The rawness of Haiti is unlike anything I had ever experienced. The assaulting heat, the impressive traffic, and the passion of the people, it wrecked me to my core. I had traveled to many other countries before, and all of them had a great impact on me, but there was something special about Haiti. Something that intrigued me so intensely that I moved there after my first visit.
Moving to Haiti
When I arrived in 2012, I had no idea that my life would continue to be radically changed. I showed up with high hopes and a naive understanding of what it meant to be a developing country. Like many Americans, I associated material poverty, with just that-material things. What I was unaware of was the vast amount of psychological and social hardships that laid just beneath the surface. The World Bank asked 60,000 people living in economic poverty what it means to “be poor”. The answers were astounding. They identified being poor with; feelings of helplessness, a lack of dignity, oppression, broken relationships, and being set up for failure.
It became evident that we can not begin to address poverty until we can define it. Addressing material poverty by throwing material things at it, may help for the day, but what happens tomorrow? It goes back to the old saying “Give a man a fish, he will eat for the day, teach a man to fish, he will eat for a lifetime”. I would like to go even a step further and suggest that the man already knows how to fish. What if we; give the man access to the global market so he can not only eat, but also build wealth, education, and a future.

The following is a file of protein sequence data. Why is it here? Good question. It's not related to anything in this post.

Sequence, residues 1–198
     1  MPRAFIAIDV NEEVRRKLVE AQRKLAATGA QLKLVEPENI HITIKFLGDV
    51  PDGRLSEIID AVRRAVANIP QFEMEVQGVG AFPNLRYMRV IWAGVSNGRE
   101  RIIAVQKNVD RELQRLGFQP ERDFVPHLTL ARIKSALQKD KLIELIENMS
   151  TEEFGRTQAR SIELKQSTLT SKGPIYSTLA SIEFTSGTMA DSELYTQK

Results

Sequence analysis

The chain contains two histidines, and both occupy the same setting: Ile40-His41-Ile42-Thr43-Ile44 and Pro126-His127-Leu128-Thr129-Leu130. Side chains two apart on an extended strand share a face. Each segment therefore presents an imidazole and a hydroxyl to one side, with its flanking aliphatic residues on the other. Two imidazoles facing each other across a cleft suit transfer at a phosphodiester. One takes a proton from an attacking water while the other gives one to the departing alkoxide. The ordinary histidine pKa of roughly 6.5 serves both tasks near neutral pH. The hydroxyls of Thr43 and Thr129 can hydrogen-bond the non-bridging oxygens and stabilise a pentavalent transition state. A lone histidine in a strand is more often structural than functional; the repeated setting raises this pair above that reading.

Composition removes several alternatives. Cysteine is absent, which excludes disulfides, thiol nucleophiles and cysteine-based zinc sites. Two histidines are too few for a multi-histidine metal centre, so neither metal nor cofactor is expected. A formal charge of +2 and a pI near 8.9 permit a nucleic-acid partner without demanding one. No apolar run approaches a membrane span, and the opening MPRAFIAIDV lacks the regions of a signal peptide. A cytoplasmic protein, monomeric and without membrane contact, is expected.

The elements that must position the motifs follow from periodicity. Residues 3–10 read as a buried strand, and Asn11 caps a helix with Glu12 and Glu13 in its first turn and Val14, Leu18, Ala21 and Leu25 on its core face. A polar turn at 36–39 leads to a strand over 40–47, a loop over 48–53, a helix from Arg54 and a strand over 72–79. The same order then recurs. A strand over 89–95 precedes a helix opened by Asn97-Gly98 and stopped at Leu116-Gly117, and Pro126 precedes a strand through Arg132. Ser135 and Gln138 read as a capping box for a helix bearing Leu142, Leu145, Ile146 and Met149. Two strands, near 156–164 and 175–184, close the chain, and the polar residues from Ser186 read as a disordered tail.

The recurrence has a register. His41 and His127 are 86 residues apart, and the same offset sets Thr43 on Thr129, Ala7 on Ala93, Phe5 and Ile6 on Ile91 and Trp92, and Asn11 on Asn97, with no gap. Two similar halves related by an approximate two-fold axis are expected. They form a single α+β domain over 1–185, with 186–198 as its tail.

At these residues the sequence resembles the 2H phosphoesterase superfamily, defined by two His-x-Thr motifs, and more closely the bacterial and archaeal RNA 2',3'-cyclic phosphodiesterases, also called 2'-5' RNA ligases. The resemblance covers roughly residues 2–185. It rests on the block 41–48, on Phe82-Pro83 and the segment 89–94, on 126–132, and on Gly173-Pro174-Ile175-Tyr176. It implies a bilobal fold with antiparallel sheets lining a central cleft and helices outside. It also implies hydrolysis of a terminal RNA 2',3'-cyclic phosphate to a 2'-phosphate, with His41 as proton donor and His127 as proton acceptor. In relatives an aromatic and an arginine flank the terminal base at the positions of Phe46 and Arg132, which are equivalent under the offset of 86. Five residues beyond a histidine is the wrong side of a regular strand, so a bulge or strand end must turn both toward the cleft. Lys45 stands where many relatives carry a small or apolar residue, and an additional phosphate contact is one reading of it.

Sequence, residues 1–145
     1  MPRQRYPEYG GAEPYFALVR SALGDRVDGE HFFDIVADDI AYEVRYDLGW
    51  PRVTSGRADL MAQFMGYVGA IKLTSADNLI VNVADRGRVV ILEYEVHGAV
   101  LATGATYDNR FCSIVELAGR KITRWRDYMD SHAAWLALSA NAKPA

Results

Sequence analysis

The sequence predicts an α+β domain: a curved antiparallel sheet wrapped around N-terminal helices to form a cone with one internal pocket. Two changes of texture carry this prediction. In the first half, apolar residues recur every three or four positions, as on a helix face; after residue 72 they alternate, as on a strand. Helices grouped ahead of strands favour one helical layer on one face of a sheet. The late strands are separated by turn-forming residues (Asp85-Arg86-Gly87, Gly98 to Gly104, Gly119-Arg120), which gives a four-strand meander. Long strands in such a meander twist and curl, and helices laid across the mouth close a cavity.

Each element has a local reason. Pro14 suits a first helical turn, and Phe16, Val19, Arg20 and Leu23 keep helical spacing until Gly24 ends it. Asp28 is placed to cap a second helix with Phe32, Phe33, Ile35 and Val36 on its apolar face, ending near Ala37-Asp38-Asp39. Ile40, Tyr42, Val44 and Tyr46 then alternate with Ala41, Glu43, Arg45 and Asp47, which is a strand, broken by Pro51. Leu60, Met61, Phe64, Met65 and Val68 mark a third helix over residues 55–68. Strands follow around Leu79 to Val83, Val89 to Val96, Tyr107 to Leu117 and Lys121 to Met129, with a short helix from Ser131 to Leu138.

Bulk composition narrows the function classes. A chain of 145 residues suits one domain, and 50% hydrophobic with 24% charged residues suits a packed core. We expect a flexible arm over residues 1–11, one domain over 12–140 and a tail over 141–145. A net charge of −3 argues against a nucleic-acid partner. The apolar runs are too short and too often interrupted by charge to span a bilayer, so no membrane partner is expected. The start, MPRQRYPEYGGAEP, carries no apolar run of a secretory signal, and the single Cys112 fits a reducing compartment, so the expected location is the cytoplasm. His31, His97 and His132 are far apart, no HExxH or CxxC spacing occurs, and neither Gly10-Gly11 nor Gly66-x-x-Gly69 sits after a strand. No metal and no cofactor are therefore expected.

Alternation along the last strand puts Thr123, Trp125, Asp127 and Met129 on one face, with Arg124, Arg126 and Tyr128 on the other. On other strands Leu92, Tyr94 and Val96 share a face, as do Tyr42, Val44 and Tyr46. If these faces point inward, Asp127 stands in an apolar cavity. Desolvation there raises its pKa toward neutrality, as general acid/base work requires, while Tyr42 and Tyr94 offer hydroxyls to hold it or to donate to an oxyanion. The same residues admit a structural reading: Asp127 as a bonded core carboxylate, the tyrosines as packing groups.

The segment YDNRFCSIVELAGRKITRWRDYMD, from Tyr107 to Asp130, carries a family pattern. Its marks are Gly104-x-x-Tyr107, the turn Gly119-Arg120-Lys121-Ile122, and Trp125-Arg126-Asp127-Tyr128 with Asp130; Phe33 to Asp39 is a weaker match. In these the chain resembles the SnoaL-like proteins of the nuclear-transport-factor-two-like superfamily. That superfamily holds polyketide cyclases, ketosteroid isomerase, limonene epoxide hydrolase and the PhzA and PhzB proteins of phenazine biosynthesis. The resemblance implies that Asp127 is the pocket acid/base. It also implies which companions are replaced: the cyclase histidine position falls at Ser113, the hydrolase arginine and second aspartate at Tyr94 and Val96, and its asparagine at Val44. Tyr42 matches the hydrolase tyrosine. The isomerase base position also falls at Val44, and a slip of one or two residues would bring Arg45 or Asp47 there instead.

Developing My Passion
This became my passion. I began to think, how can I humbly use my knowledge, skills, and access to the developed world to advocate for others until they can advocate for themselves. How could I work as a support system, a change agent, a bridge to bring long-lasting positive change into communities. It is an ever evolving process. No one has all the answers. But, what I do know is that it must start with empowerment. Real, true empowerment. Not the kind that just looks good on the outside, or takes nice shiny photos, but the kind of empowerment that is in the trenches, getting knees dirty. Time-consuming empowerment.
Through this journey, I have found job creation to be at the forefront of creating this positive change. I have seen first-hand the way lives are changed. When people have jobs, they are not only building financial stability, they are also breaking down the barriers that keeps them from fulfilling their dreams. They are able to loosen the chains of oppression, and become active members in their families, and communities. This change brings the promise of empowerment for them as individuals and also society as a whole.
You can be part of this long-lasting, sustainable change. It is easy. Simply be intentional about where you are buying, and who you are buying from. Choose to buy products from companies that help break the poverty cycle. At Allmade, our makers earn 3-4x the going rate for similar jobs in the area, an amount carefully calculated to meet the basic needs of a Haitian household.